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Mark Bornfeld, DDS
Mark Bornfeld, DDS, Dentist
Category: Dental
Satisfied Customers: 6009
Experience:  Clinical instructor, NYU College of Dentistry; 37 years private practice experience in general dentistry, member Academy of General Dentistry, ADA
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I recently discovered this cluster of 3 raised flat papules

Customer Question

Hi,
I recently discovered this cluster of 3 raised flat papules on my hard palate near the rugae. I have sent myself into a tail spin of panic convinced they are warts. Any thoughts on what these may be?
Submitted: 1 year ago.
Category: Dental
Expert:  Dr. Behere replied 1 year ago.

Thanks for uploading the photos and saving time.

They are not warts. Rather than flat papules, they look like small ulcers to me, resembling apthous stomatitis minor ulcers, commonly called as canker sores.

They are too tiny to be painful though.

They are not dangerous, need no investigations/tests and no second opinion. They will resolve on their own in a weeks time.

Hope this answersthis answers your question. Please leave a positive rating if my answer has helped you.

I do not get credit for it otherwise!

Regards,

Dr Behere

Customer: replied 1 year ago.
Canker sores are generally inwards though with a red border and white inside, no? These are definitely slightly raised and flat and the cluster of 3 makes me suspicious. I do have a wart on my finger and have been paranoid about spreading it.
Expert:  Dr. Behere replied 1 year ago.

Hello,

Canker sores don't always follow the classical description. From your photos, It really doesn't appear that they are raised.

And anyways, even if they are not canker sores , they are not warts for sure because warts are discoloured, and intra oral warts rarely occur in groups.

Don't worry, whatever u have, is not dangerous at all.

Hope this answers your question. Please leave a positive rating if my answer has helped you.

I do not get credit for it otherwise!

Regards,

Dr Behere

Customer: replied 1 year ago.
I should add this summer this raised flat bump appeared on my lip also and is still there. If poked it bleeds quite easily, so I also think this is a wart (excuse my invisaligns)
Expert:  Dr. Behere replied 1 year ago.

We can keep going back and forth, I can keep seeing those are not warts, and you can say they are. But that won't get us anywhere.

I'll opt out instead, so that you can get an expert to agree with u and call them warts.

Regards,

Dr Behere

Expert:  Mark Bornfeld, DDS replied 1 year ago.

I'd like to offer an alternative view-- especially since you seem to be relatively informed about the more common types of oral lesions.

The fact is that the lesions on your palate are too early in their stage of development to determine whether they are HPV (human papilloma virus) related lesions based on appearance alone. In the mouth, the most common HPV lesion is more properly called a "squamous papilloma" rather than a wart, but for purposes of discussion it need not matter.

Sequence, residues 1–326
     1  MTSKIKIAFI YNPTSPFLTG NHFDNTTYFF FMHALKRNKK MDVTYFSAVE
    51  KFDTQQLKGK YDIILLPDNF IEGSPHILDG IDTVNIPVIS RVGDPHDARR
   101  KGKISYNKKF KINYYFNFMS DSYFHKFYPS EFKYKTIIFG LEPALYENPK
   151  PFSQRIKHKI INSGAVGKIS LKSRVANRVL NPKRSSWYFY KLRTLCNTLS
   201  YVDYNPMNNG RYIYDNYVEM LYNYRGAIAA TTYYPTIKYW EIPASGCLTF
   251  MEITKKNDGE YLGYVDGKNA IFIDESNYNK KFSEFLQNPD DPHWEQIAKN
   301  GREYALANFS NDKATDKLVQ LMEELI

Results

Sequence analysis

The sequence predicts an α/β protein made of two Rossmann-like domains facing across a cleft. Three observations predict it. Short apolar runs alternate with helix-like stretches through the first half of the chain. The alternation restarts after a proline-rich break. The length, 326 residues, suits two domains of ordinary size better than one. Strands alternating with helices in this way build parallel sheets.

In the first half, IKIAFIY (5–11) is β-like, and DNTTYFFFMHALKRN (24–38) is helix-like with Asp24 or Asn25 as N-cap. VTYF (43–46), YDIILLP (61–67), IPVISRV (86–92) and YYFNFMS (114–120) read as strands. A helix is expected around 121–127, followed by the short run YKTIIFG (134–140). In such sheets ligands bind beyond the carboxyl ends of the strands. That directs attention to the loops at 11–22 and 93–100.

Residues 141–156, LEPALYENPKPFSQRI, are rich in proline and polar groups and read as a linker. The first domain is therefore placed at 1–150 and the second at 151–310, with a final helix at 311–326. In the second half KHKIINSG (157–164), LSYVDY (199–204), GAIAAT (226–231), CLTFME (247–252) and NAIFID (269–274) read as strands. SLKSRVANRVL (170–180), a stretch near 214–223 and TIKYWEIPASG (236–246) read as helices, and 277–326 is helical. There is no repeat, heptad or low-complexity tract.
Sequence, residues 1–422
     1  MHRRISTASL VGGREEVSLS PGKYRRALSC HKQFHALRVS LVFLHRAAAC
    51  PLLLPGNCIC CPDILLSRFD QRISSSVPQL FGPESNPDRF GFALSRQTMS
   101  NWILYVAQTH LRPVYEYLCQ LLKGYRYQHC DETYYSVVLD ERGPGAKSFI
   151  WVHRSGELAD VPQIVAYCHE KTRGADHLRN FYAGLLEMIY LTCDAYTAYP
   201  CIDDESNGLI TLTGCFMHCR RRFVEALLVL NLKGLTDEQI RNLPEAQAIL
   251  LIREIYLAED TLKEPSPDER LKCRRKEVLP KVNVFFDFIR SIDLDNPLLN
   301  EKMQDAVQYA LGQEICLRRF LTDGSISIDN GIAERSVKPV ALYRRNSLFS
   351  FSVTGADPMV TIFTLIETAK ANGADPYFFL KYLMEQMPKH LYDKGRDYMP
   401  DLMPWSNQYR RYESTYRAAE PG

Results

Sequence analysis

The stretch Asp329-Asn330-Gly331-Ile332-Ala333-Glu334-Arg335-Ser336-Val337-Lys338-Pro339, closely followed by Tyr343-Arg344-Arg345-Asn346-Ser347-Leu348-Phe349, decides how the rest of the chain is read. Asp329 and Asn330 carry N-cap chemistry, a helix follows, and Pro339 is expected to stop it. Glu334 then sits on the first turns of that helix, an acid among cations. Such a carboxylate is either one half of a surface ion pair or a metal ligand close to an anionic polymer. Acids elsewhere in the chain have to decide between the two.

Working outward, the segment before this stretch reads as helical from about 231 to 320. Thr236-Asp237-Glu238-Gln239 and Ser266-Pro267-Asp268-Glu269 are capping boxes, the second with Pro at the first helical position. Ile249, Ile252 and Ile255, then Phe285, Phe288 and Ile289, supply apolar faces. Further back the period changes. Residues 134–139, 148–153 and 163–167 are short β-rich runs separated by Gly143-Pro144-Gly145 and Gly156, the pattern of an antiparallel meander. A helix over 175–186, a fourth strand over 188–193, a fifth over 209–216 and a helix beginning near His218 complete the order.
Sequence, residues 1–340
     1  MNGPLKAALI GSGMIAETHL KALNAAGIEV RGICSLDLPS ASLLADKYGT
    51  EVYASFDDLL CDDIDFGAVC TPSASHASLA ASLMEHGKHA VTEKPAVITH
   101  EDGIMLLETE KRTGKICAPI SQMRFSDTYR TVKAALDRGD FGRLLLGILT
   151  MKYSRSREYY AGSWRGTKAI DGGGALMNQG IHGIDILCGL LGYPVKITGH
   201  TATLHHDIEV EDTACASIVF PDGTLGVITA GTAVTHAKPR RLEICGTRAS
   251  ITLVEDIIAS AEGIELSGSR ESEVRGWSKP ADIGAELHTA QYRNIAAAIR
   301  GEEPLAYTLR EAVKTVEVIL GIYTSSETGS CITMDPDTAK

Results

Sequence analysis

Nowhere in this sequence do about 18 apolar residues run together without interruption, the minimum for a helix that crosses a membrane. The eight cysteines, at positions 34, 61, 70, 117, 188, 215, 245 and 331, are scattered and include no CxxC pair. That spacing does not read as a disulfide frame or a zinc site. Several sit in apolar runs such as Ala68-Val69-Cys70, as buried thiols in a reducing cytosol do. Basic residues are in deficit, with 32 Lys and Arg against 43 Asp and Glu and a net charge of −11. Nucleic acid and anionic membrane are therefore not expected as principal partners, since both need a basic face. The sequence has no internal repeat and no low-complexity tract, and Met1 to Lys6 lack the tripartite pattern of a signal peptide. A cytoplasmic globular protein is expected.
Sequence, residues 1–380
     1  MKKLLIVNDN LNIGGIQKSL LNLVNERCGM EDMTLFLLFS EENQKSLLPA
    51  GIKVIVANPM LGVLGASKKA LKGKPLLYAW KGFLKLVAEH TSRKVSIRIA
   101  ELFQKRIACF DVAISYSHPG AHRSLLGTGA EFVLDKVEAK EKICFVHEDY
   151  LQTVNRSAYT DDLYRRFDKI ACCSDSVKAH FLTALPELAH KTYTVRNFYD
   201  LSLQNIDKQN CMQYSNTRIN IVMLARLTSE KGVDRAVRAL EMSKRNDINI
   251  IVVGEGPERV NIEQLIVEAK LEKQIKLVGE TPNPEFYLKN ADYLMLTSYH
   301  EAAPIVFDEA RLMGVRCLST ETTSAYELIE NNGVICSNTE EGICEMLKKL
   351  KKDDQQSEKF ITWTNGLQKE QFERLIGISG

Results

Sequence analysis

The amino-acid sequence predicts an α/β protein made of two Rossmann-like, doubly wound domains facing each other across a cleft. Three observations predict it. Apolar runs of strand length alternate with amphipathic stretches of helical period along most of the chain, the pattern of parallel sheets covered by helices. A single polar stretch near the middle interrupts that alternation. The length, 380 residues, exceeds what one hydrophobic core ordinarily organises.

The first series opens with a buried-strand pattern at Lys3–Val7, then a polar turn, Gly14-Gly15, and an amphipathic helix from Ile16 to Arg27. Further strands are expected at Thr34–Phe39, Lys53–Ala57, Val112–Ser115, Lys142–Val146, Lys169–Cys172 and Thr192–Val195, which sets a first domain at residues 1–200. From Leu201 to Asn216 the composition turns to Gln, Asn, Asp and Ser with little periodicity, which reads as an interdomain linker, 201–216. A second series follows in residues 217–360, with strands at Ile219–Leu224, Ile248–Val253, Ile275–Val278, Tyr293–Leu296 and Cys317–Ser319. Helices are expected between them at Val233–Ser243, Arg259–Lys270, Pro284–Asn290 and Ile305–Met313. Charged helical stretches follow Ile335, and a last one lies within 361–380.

The more salient points follow. First: a papilloma needs to mature a bit before it displays its more characteristic appearance, and your lesions have not yet reached that stage. It is true, however, that the posterior hard palate and soft palate are common sites for papilloma.

There are perhaps over 100 different strains of HPV, and the various strains show a predilection for different anatomic areas and tissues. The most important strain in terms of health significance is HPV-16, which is associated with cancers in the mouth, oropharynx, genitalia, and vaginal cervix. Having said that, HPV-16 is also associated with non-cancerous lesions, so the factors that determine the type of lesion it may cause may be related to host physiology in addition to serotype characteristics of the virus.

Because a majority of squamous papillomas are relatively trivial, they are not always treated aggressively. Likewise, an early lesion that may suggest HPV (as yours may) will not necessarily call for active intervention, although there is some variance in how a particular clinician will treat this. Unlike viruses in the herpesvirus group (e.g., HSV, VZV, EBV, or CMV), HPV is not recognized to cause a persistent infection, and most patients with normal immunity will clear the virus within a year or two.

Just what you do going forward should be decided by a collaborative discussion with your dentist. Most general dentists will refer their patients to an oral surgeon for more formal evaluation, because this specialist will have more familiarity with soft tissue lesions. The only definitive way to identify these lesions, particularly at this early stage, would be biopsy. Your oral surgeon may instead choose to simply keep the lesions under active surveillance, and deferring any decision regarding removal until the clinical behavior of these lesions can be more completely observed.

Hope this helps...

Customer: replied 1 year ago.
Thank you very much! That did help.
Expert:  Mark Bornfeld, DDS replied 1 year ago.

You're very welcome. Good luck!